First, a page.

Former Portland mayor Sam Adams says he’s on a mission to clear his good name after an ex-staffer dragged him through the mud two years ago by making shocking sexual misconduct allegations that he has since walked back.
In 2008, Adams became the first openly gay person ever elected to be his city’s mayor. He served from January 2009 through December 2012 before announcing he would not seek reelection, despite being a widely popular mayor.
Then, in November 2017, Adams’ openly gay former assistant, Cevero Gonzalez, dropped a six-page bombshell account detailing alleged mistreatment he suffered at the hands of Adams while working as his executive assistant during his time in office.
Gonzalez alleged that Adams made obscene gestures, exposed his genitalia, spoke in graphic detail about his sexual exploits, and demanded Gonzalez share accounts of his own bedroom conquests, among other shocking accusations.
One of the most damning allegations involved a time when Gonzalez picked up Adams from the airport and claimed the then-mayor “lightly grabbed at his crotch” and said “Don’t be so uptight.”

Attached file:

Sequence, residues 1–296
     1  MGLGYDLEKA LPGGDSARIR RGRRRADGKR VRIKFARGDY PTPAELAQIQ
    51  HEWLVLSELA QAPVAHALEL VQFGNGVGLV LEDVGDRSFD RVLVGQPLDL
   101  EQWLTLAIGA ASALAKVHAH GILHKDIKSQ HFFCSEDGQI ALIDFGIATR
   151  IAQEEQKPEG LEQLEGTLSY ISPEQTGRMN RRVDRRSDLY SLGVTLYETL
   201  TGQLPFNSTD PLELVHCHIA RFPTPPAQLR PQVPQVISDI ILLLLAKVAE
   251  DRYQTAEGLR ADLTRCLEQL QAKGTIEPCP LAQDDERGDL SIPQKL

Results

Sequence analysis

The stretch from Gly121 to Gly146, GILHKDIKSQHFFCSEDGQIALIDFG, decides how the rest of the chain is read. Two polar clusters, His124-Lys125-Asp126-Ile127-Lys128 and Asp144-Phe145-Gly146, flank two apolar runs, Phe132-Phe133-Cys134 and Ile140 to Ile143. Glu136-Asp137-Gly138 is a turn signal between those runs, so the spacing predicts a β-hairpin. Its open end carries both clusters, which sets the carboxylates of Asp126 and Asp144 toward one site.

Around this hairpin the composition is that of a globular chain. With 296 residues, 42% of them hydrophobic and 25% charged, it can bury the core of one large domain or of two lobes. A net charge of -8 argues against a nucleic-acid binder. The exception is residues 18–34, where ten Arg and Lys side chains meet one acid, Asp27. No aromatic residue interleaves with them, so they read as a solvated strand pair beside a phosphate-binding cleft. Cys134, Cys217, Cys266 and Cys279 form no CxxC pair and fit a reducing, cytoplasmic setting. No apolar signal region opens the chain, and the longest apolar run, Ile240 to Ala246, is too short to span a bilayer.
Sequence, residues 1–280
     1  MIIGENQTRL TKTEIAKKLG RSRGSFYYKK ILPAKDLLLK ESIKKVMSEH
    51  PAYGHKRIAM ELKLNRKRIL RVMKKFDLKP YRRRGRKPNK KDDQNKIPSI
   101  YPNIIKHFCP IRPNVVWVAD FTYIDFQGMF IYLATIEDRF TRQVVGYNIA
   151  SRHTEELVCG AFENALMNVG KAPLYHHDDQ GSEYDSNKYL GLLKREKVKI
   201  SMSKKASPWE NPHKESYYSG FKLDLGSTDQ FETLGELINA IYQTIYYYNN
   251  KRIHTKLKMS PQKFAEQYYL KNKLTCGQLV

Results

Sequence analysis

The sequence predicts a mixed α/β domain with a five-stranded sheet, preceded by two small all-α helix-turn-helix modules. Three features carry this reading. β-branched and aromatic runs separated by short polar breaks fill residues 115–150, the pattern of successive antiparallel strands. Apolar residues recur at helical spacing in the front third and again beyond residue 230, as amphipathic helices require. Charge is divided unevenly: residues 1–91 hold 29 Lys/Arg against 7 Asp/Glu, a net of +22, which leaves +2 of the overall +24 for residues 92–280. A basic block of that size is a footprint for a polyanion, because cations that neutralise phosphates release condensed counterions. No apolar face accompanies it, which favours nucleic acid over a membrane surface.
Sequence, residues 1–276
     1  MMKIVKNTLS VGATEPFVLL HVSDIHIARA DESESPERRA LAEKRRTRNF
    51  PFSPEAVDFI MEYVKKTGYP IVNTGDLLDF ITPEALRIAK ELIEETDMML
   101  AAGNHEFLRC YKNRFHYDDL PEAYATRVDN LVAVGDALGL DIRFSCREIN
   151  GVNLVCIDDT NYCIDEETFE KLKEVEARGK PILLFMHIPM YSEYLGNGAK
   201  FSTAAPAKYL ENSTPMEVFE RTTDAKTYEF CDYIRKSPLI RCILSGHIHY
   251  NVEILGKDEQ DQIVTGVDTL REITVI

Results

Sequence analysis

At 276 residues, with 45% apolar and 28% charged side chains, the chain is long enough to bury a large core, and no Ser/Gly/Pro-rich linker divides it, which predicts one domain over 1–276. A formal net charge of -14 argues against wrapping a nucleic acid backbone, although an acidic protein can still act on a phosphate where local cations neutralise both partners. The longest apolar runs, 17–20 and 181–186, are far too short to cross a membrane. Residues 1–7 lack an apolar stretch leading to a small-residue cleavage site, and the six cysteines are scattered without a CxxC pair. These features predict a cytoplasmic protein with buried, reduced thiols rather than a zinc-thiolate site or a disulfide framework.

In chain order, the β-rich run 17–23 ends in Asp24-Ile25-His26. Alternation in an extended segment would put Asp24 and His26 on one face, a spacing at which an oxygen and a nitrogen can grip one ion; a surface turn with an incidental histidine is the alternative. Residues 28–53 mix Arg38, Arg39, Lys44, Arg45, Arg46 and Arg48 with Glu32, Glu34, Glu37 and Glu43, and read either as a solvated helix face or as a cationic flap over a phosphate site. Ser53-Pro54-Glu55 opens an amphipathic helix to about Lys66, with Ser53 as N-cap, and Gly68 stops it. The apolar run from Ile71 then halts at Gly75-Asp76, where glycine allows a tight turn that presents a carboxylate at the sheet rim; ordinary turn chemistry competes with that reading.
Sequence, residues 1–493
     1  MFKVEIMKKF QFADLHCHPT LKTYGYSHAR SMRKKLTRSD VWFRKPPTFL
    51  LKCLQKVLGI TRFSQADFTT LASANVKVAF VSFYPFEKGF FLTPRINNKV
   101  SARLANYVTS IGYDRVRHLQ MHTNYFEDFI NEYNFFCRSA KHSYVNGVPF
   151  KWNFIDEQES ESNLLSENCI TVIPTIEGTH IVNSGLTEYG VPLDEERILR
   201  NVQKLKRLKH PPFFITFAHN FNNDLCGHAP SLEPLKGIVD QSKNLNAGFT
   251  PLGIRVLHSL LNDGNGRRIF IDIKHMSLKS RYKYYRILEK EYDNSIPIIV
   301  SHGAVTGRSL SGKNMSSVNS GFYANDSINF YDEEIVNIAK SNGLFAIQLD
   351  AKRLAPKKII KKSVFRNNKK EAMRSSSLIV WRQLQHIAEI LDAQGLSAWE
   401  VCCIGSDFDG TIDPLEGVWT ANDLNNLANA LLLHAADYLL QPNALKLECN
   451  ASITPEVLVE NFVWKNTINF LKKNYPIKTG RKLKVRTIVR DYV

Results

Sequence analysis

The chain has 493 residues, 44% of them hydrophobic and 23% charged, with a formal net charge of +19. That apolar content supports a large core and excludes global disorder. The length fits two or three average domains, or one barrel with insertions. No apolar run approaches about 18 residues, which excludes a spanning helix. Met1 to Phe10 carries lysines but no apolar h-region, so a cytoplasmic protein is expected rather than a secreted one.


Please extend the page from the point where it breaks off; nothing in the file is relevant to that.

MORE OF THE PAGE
It turns out, that never happened.
Gonzalez walked back the story after the Willamette Week reported last month that “in fact, emails Adams found show it was Adams’ economic development aide, Clay Neal, not Gonzalez, who picked Adams up after his China trip, something Neal has confirmed.”
But it doesn’t stop there.
Gonzalez also walked back claims that Adams exposed himself on numerous occasions at work and that he propositioned him for sex, saying instead that nothing Adams did was ever “sexual” and that he “never propositioned him—it was just inappropriate and uncomfortable.”
Now, Adams tells local news station KGW that the Willamette Week article proves he was innocent all along, and that Gonzalez’s allegations against him were totally 100% not true.
“The Willamette Week article about a couple of weeks ago did a good job of bringing to light some of the facts that show that these allegations are false,” Adams says. “There’s more evidence to come and we’ll get that out as it becomes available.”
56-year-old Adams, who recently moved back to Portland after a stint in Washington, D.C., says he now plans to work on repairing his reputation in the city he loves.
“The allegation that was core to those claims, the accuser had to backtrack,” he says. “So, that’s just part of the evidence. There’ll be more evidence coming up. And it’s an opportunity, coming back to Portland, to present my side of the story.”
Asked whether he may run for office again, he said he hasn’t “even thought about it” and is instead focused on being a good citizen and neighbor.
“We can’t be complacent, and we’ve got to, all of us, pitch in wherever we can,” he says. “Whether that’s being in the highest elected office in the city or scrubbing graffiti in your neighborhood.”